Early on a February morning, in a glass-walled conference room high up in the Hearst Tower in Manhattan, Postmaster General Patrick Donahoe spoke in a careful, reassuring tone. “We can do this; I know that we can do this,” he told the audience, which included representatives from magazine-industry heavyweights like Condé Nast, Hearst, and Time Inc. “Hang in there with us.”
Donahoe’s talk was a keynote at a “Postal Summit” organized by The Association of Magazine Media (MPA, formerly the Magazine Publishers of America) to address the inarguably dire situation currently facing the United States Postal Service, and the complications that situation is causing for the businesses that depend on its survival.
Despite Donahoe’s assurances, his audience couldn’t be blamed for being skeptical. In the past decade, the postal service has been hit by a perfect storm of technological and cultural shifts, economic recession, and political gridlock. Since 2000, the USPS has seen a precipitous decline in the volume of mail. From 2006 to 2011, as people have increasingly sent e-mails instead of letters and paid bills online, first-class mail volume has dropped 25 percent. As the housing and financial sectors sank, so did the amount of direct mail they sent to prospective customers. The country’s second-largest civilian employer (after Walmart), the USPS has been squeezed by rising health-care costs for its half-million employees, plus the requirement to pre-fund their pensions.
While the service has often run a deficit during its 237-year history, it now faces the possibility of insolvency. Following a loss of $5.1 billion in fiscal year 2011, the service reported a $3.3 billion loss in the first quarter of fiscal 2012 alone—a period that’s typically the most profitable of the year because of mail sent in the winter holiday season. The USPS’s total deficit as of last December was already $12.9 billion, and in February, the agency projected that it may run out of cash completely by October.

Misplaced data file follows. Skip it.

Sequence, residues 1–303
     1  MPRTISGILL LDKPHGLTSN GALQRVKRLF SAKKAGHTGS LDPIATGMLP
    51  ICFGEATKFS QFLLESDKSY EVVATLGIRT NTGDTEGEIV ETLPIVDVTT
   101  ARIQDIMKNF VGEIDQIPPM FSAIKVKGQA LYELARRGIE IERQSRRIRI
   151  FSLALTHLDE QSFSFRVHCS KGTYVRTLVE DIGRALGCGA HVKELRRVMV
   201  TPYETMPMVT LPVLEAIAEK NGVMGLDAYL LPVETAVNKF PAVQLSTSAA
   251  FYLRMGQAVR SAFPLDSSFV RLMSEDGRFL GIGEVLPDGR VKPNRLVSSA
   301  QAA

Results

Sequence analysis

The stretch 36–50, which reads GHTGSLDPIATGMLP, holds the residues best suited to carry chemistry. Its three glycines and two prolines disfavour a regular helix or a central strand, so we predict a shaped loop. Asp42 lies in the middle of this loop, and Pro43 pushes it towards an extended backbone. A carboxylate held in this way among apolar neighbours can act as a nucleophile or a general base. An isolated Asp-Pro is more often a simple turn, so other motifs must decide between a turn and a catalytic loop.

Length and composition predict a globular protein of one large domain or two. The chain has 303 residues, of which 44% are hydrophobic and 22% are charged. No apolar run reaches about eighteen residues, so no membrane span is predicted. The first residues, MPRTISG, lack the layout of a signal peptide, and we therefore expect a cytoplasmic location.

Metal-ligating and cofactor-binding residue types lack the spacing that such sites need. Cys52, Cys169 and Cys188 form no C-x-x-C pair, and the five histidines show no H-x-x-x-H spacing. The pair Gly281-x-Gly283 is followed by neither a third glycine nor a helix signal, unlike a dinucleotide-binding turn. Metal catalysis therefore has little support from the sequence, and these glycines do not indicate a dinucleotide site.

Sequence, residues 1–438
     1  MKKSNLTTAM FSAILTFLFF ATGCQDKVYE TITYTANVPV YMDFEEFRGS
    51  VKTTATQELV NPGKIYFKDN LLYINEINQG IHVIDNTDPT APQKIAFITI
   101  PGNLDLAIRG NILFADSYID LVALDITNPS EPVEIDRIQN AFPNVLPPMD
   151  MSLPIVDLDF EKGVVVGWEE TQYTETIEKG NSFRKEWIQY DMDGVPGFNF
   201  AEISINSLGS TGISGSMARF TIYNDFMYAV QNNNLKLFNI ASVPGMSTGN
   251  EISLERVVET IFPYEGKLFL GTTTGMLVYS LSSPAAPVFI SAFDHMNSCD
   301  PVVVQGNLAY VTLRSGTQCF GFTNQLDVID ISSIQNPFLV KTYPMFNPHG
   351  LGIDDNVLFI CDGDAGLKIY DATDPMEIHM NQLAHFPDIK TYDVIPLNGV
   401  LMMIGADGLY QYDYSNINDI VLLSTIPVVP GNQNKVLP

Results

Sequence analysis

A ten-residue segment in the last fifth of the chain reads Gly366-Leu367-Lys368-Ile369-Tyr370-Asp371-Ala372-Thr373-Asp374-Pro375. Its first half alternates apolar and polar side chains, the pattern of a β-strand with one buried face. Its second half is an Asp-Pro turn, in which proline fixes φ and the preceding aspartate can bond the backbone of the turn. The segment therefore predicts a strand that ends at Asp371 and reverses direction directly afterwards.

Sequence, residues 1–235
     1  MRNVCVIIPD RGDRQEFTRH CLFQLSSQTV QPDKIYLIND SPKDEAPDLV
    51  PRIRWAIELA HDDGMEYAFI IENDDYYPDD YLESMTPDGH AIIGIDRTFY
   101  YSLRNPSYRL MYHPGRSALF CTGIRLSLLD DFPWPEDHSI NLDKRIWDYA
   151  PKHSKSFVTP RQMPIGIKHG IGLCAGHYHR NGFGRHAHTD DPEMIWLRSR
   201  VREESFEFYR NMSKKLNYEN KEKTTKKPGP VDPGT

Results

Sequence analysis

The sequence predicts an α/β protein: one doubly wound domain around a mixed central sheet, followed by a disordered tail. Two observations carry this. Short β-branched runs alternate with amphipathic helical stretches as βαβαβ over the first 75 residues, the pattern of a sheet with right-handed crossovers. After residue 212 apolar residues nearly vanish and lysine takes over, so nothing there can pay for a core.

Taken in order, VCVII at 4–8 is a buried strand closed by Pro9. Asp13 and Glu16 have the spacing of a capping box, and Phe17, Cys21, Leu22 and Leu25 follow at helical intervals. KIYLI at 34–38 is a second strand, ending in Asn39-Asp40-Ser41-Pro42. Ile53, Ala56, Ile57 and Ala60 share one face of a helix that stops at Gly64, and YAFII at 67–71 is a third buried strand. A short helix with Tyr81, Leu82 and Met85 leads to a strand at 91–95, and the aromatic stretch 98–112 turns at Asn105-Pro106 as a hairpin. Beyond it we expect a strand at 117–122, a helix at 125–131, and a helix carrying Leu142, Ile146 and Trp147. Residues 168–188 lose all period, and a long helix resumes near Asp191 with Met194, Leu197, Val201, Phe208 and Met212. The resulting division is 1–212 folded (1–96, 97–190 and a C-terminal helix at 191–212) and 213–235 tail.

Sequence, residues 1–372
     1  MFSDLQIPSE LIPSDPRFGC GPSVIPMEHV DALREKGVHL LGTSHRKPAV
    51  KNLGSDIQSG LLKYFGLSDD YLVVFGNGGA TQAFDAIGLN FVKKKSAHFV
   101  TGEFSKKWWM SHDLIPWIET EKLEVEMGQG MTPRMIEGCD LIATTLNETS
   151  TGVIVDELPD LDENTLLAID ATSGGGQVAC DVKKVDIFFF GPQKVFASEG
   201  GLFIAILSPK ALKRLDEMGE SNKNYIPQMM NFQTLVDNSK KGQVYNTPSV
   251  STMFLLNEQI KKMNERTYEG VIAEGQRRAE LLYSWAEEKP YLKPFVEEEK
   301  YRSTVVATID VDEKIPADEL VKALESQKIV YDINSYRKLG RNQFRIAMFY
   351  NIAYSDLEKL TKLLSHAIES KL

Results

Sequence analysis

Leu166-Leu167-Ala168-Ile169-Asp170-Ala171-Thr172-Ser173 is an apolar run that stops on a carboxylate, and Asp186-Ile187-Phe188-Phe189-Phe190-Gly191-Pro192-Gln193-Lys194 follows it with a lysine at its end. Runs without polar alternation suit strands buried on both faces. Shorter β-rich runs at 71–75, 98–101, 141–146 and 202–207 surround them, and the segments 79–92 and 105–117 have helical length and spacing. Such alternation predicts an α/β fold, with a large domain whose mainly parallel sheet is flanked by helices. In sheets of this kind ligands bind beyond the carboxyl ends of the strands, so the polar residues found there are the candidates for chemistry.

All of this is alarming news for the magazine industry, which, despite its recent forays into digital publishing, still depends on the postal service to deliver almost 90 percent of its circulation. Some publishers at the summit wondered aloud just how worried they should be. What would happen if the USPS actually shut down?
“The one thing I will not do is cry wolf,” said Donahoe as he wrapped up his speech. “I will not say ‘We’re not going to deliver mail.’…If I say that, you will say, ‘I need some alternative solution.’ And once you go to that alternative solution, we may never get you back. So that’s not going to happen.”
The magazine industry’s fate and that of the USPS have always been inextricably linked. Since the very beginning of the postal service in 1775, periodicals have enjoyed an extremely favorable shipping rate, an agreement rooted in the Founding Fathers’ conviction that the spread of information and opinion across the country was vital to democracy. “Magazines and newspapers accounted for nearly all of the weight of the mail in the first half of the 19th century—as much as 80 to 95 percent—and they only paid five to 15 percent of the revenue,” said Richard R. John, a historian of communications at the Columbia University Graduate School of Journalism. “And that was almost never a controversial issue.”
The postal service, meanwhile, needs to keep magazines in the mail. As mail volume decreases, Donahoe explained in his keynote, advertising (a.k.a. junk mail) becomes an ever-larger portion of it; magazines keep people coming back to their mailboxes, which in turn keeps the postal service in business. “They need us as much as we need them,” agreed James Cregan, executive vice president of government affairs for the MPA.
Both Donahoe and Cregan said that it is unlikely that the preferential pricing scheme for periodicals will end, though some above-inflation price hikes are possible as the postal service tries to quickly reduce its debt. What is perhaps more of an immediate concern, though, is the impact of worsening service.